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Student Creates DIY Self-Driving System for $700

02 March 2017

Autonomous driving is being billed as the next great thing in the automotive world. As a result, established OEMs, start-ups, chip vendors and software makers are all getting into the market to produce their own proprietary technology investing billions of dollars to capture their share of the market.

But for a senior at the University of Nebraska, Omaha, making his Honda Civic autonomous only took $700. Brevan Jorgenson created a homemade device that replaces the rearview mirror in his Civic with a display that can control the brakes, acceleration and steering while using a camera to identify road markings and other cars.

The homemade autonomous driving system controls the brakes, acceleration and steering while using a camera to identify road markings and other cars. Source: MIT  The homemade autonomous driving system controls the brakes, acceleration and steering while using a camera to identify road markings and other cars. Source: MIT Jorgenson used Comma.ai’s hardware designs and software. Comma.ai is a San Francisco-based start-up that was developing a device to upgrade certain cars to steer themselves on a highway and follow stop-and-go traffic. However, the company cancelled the launch of its product after receiving a letter about its functionality from the National Highway Traffic Safety Administration (NHTSA). Last November, the company put its technology on the internet for free allowing tinkerers and hobbyists the ability to use the technology.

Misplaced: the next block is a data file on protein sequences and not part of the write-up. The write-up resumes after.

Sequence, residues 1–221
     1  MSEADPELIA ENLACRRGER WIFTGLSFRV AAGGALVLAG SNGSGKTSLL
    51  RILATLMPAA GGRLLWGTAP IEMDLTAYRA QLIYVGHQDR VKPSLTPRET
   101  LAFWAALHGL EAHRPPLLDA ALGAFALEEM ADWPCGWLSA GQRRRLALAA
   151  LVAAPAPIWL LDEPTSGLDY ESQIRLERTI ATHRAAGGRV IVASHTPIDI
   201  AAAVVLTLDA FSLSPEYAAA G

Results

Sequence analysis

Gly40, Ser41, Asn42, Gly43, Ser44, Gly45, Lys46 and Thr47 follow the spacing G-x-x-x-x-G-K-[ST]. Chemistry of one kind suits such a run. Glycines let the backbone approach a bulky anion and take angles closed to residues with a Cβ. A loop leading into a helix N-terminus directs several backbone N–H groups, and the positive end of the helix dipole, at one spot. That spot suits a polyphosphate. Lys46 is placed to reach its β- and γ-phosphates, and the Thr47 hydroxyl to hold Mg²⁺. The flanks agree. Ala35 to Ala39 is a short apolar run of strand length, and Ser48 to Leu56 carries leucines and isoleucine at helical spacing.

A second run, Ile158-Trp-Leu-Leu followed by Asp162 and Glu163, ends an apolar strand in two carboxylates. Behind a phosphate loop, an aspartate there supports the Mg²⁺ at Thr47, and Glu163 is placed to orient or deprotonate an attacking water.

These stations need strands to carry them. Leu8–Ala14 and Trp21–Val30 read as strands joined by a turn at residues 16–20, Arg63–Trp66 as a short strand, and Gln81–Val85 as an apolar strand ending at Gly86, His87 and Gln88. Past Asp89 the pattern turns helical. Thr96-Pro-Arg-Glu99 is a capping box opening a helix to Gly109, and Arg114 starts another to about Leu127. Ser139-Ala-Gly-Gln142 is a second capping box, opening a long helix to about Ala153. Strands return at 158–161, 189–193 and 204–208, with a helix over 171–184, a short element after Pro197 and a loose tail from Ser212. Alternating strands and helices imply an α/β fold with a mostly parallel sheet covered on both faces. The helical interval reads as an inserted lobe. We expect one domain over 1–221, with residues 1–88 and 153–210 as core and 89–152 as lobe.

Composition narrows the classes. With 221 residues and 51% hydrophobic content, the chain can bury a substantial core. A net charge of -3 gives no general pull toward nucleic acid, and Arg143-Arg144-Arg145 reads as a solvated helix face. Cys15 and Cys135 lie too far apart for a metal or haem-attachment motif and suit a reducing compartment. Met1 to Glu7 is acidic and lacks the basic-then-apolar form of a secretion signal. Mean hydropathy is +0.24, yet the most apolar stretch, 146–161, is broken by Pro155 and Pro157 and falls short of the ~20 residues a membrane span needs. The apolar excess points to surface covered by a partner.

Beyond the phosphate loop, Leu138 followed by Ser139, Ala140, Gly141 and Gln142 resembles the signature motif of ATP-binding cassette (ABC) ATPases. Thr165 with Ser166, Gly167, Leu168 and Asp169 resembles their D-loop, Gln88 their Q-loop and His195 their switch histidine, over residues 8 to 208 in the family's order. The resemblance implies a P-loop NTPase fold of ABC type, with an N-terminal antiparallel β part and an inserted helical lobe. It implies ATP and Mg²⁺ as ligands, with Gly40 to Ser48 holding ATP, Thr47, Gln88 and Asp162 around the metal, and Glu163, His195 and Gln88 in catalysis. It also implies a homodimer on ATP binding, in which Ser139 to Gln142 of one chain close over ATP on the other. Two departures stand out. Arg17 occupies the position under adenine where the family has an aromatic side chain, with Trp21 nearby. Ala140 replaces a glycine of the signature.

When Comma.ai dumped its plans online, Jorgenson set about to make his DIY self-driving device using an OnePlus 3 smartphone, a circuit board that connects the device to the car’s electronics and a 3-D printed case. Jorgenson built the case using an online service and then soldered the board together himself.

Once installed, he went about testing the device in his Honda Civic. Initially he found the device pulled the right in some cases but after a software update from Comma it was quickly fixed.

One question about this device is whether it is street legal or not. While the NHTSA has authority over companies selling vehicles or systems used to modify them, consumers have much more flexibility in making changes to their own vehicles. However, Jorgenson will have to comply with all state rules requiring responsible driving.

Story via MIT Technology Review



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CALENDAR OF EVENTS

Date Event Location
30 May-02 Jun 2017 Lake Buena Vista, Florida USA
04-09 Jun 2017 Honolulu, Hawaii, USA
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